In the scene, when you have an accordion player, usually the accordion player charges a lot of money to play with you. I think a lot of people started recording sierreño tracks because it’s a lot cheaper. It’s one of those things that probably nobody wants to talk about, one of those hidden little secrets that nobody wants to say. When you record a sierreño track it’s a lot quicker, a lot faster, because you already have a guitar there. If you wanna have a norteño, then you have drums, and you wanna have an accordion, and you wanna have a bajo quinto, which is a little more expensive than a natural guitar. In sierreño you need a bass and a 12-string guitar, that’s basically it. And a six-string guitar. If you want, you can even play sierreño with six strings, which is kind of how it all got started.

Do you prefer having a sierreño band with a bassist or with a tubist?
Continue reading “Joni Sandez on sierreño, “Las Mañanitas,” and “secrets nobody wants to say””

Desfile de Éxitos 1/19/19

t3r airport

Puerto Rican trapstar Bad Bunny has pulled a Drake this week, clogging up Billboard‘s Hot Latin chart with 10 tracks from his debut album X 100pre. (The highest charting is, whaddya know, a duet with Drake.) NorteñoBlog has long admired Sr. Bunny’s charisma and barber while having almost no use for his music. The greatest insult? He’s Despacitoing norteño music into near nonexistence on Hot Latin. Regional Mexican acts account for only nine of the top 50 songs, one less than Bunny himself. The Blog tells you all this to explain why our Desfile de Éxitos format has changed. You can only type “Bad Bunny” so many times before the Donnie Darko flashbacks become too intense to deal with.

What follows are three mini-lists. First up are the three regional Mexican songs that appear only on the Hot Latin chart, i.e. not on Billboard‘s Regional Mexican Songs radio chart. As you’d expect, since radio factors less into their success, these three songs all have enormous YouTube streaming numbers. As you might not expect, they’re all by sierreño bands. One possible conclusion: sierreño is for cool internet kids. The next list is the Regional Mexican radio top 10: mostly banda, a couple cumbias, and one apiece of sierreño and mariacheño. The third list — of one song this week — is music outside the radio Top 10 that also appears on Hot Latin.

ONLY ON HOT LATIN

fuerza regidaFuerza Regida“Radicamos En South Central” (#32 Hot Latin)
This sierreño gangsta nonsense is one high-living negocios signifier after another — I count appearances from Compas Tino and Chino, a bottle of Buchanan’s, and an X6 and a white Corvette, along with some good old-fashioned cocaine. The band is really good at switching from midtempo waltz to fast waltz on a dime, so that’s something. Now if they just learned to add backup vocals to their product placements, maybe they wouldn’t sound like they’re trapped in a cement bunker, playing under threat of torture. NO VALE LA PENA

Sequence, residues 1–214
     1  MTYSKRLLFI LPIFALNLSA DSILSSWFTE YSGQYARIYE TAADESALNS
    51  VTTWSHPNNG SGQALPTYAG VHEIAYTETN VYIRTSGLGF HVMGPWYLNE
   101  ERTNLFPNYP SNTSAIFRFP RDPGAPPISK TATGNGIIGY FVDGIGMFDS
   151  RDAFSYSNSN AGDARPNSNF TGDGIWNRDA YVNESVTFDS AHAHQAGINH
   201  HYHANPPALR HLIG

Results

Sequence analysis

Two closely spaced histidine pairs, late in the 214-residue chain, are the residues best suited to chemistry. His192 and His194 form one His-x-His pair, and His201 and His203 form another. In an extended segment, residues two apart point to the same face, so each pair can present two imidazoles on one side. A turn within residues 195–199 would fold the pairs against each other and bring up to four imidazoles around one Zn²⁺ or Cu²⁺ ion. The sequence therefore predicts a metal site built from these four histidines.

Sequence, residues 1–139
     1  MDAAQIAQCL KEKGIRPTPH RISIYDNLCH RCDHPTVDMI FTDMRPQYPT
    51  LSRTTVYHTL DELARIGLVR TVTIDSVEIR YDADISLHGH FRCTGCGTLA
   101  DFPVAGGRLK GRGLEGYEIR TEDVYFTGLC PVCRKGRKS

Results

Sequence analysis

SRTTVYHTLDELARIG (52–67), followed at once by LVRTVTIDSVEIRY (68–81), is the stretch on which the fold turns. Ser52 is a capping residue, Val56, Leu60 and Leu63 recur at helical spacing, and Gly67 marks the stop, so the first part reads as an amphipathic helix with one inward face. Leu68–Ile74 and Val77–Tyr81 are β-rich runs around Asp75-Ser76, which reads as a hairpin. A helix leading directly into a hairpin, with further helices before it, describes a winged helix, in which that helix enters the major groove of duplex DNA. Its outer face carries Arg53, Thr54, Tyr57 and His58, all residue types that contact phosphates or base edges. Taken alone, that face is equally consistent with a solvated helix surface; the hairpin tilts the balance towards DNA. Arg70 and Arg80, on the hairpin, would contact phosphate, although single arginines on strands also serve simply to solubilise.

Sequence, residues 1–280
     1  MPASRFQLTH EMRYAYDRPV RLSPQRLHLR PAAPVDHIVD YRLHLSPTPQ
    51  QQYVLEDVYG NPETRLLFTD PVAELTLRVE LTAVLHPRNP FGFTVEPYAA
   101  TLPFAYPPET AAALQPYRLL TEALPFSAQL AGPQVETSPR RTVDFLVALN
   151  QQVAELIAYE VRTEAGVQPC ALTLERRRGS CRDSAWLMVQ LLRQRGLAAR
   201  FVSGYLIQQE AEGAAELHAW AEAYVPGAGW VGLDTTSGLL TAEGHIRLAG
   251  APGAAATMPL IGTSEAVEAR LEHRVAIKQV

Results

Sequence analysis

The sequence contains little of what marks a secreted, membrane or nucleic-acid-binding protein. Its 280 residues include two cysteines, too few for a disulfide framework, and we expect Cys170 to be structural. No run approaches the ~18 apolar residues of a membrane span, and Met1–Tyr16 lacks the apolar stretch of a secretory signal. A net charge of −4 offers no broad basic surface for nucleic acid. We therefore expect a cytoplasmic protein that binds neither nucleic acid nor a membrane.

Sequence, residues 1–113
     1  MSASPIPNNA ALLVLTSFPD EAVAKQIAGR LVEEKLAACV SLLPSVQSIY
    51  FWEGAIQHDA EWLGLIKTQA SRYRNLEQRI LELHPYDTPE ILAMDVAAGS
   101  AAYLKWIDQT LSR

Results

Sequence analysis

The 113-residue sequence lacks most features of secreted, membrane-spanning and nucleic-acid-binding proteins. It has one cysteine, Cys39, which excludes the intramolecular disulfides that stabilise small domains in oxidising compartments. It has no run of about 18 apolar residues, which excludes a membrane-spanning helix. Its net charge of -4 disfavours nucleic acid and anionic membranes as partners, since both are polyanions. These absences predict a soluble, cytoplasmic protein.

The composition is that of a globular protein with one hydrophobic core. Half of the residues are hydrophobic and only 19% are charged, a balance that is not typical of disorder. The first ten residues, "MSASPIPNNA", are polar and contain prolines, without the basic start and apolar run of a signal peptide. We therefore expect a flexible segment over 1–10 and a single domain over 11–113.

t3r gerardoT3R Elemento ft. Gerardo Ortiz“Aerolinea Carrillo” (#33 Hot Latin)
The lead track from T3R’s 2018 album The Green Trip is ostensibly an ode to Pablo Escobar and his well-structured airborne narcotics business. It’s actually an ode to how cool it is to get high on a plane and sing about gangster shit. In the video, Kristopher Nava, the McLovin’ of the corridos verdes movimiento, chills in an airport lounge wearing a t-shirt that reads “Cookies” and refusing to enunciate. Sergio Cardenas, the band’s Cuban bassist, harmonizes beside him. Gerardo Ortiz plays a commercial airline pilot who smokes up in the cockpit and over-enunciates, well aware of the lurid cargo he’s transporting in his plane’s overhead compartments. Everyone nods a lot. Unlike Fuerza Regida, everyone here is in a good mood and knows the song they’re playing is patently dopey. VALE LA PENA y PICK TO CLICK

arrankeGrupo Arranke“A Través del Vaso” (#39 Hot Latin)
“Una Para Mi Chiquitita (y Una Más Para My Sad Cowboy Hat That Reeks of Authenticity, Even Though My Song Comes From the Horacio Palencia Song Factory)” (Sierreño Versión)
NO VALE LA PENA

TOP 10 REGIONAL MEXICAN SONGS

1. Christian Nodal“No Te Contaron Mal” (#11 Hot Latin)

2. Los Angeles Azules ft. Natalia LaFourcade“Nunca Es Suficiente” (#9 Hot Latin)

3. Regulo Caro“El Lujo de Tenerte” (#35 Hot Latin)

4. Banda El Recodo ft. David Bisbal“Gracias Por Tu Amor” (#44 Hot Latin)

sebastianes5. Banda Los Sebastianes“A Través del Vaso” (#14 Hot Latin)
“Una Para Mi Chiquitita (y Una Más Para the Underwear Models in the Video)” (Banda Versión)
VALE LA PENA

virlan garcia6. Virlán Garcia“Quiero Reintentarlo”
Virlán is horny as all get out, so it took an unusual triumph of will for him to keep this from becoming a slow jam. His sierreño band skips along, jaunty and desperate. Congas burble and the tuba line snaps at Virlán’s promises to kiss every corner of your body. VALE LA PENA

7. Banda MS“Mejor Me Alejo” (#25 Hot Latin)

8. Raymix“¿Dónde Estarás?”

9. El Fantasma“Dolor y Amor”

10. Banda Los Recoditos“Te Darán Ganas de Verme”

ALSO ON BOTH CHARTS

calibre14. Calibre 50“¿Por Qué Cambiaste De Opinión?” (#50 Hot Latin)
Exactly what you expect from a Calibre ballad: a death march of self-righteous indignation aimed at a fickle mujer, from the dudes who just humble-bragged about going “Mitad y Mitad” with two different women. With his fondness for six-syllable rhymes, Edén Muñoz delights in language more than most of his songwriting cohort, and “No vayas a llorar, que nadie te va abrazar” is a cold kiss-off — but their self pity is dull enough without the band deflating before your ears. NO VALE LA PENA

Selena and Ariel Camacho: coming to MoPOP 2019

selena memorial

Year after year, Seattle’s MoPOP Pop Conference is a great weekend to learn a ton of musical ideas you never imagined you’d need to know, and to meet and befriend a ton of very smart music geeks. This year the conference runs from April 11-14; the theme is death. See you there!